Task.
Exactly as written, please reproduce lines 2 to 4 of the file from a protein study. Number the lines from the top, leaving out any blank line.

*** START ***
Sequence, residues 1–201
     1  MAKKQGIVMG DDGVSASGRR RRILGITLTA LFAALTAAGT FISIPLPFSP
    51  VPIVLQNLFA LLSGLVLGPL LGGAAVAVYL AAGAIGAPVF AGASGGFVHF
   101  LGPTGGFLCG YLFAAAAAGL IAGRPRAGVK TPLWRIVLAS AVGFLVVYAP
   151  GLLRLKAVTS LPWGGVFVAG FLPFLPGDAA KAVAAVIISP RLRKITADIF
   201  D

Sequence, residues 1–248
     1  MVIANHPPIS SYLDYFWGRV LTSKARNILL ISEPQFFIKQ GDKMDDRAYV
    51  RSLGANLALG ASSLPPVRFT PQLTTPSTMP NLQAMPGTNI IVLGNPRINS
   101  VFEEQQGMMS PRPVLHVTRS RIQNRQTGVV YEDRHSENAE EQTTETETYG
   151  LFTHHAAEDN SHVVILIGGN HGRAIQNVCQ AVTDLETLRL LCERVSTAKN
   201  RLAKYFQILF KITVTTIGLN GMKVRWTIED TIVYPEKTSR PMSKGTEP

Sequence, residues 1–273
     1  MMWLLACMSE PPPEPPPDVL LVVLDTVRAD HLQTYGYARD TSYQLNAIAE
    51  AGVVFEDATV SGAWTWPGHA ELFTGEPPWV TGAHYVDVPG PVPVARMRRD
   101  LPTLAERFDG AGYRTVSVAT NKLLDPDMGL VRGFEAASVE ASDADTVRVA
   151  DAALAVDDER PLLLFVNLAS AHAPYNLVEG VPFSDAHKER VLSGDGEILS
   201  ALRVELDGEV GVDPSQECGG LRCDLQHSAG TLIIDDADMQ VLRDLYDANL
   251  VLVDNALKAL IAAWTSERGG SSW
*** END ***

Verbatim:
     1  MAKKQGIVMG DDGVSASGRR RRILGITLTA LFAALTAAGT FISIPLPFSP
    51  VPIVLQNLFA LLSGLVLGPL LGGAAVAVYL AAGAIGAPVF AGASGGFVHF
   101  LGPTGGFLCG YLFAAAAAGL IAGRPRAGVK TPLWRIVLAS AVGFLVVYAP